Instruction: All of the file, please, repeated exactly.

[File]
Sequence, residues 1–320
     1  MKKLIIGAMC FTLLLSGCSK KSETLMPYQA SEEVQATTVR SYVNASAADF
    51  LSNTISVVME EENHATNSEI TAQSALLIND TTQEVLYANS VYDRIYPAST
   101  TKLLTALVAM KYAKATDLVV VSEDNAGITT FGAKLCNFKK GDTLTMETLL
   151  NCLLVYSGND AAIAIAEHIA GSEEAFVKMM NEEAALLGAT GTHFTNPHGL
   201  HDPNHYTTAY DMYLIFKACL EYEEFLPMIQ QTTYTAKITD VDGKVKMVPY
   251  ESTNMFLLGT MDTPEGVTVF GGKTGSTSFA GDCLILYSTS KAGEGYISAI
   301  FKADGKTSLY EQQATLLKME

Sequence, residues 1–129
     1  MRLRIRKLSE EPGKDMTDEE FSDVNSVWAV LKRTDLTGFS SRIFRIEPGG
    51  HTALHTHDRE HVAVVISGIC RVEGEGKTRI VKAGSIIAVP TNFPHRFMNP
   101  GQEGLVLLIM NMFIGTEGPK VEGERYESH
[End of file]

Sequence, residues 1–320
     1  MKKLIIGAMC FTLLLSGCSK KSETLMPYQA SEEVQATTVR SYVNASAADF
    51  LSNTISVVME EENHATNSEI TAQSALLIND TTQEVLYANS VYDRIYPAST
   101  TKLLTALVAM KYAKATDLVV VSEDNAGITT FGAKLCNFKK GDTLTMETLL
   151  NCLLVYSGND AAIAIAEHIA GSEEAFVKMM NEEAALLGAT GTHFTNPHGL
   201  HDPNHYTTAY DMYLIFKACL EYEEFLPMIQ QTTYTAKITD VDGKVKMVPY
   251  ESTNMFLLGT MDTPEGVTVF GGKTGSTSFA GDCLILYSTS KAGEGYISAI
   301  FKADGKTSLY EQQATLLKME

Sequence, residues 1–129
     1  MRLRIRKLSE EPGKDMTDEE FSDVNSVWAV LKRTDLTGFS SRIFRIEPGG
    51  HTALHTHDRE HVAVVISGIC RVEGEGKTRI VKAGSIIAVP TNFPHRFMNP
   101  GQEGLVLLIM NMFIGTEGPK VEGERYESH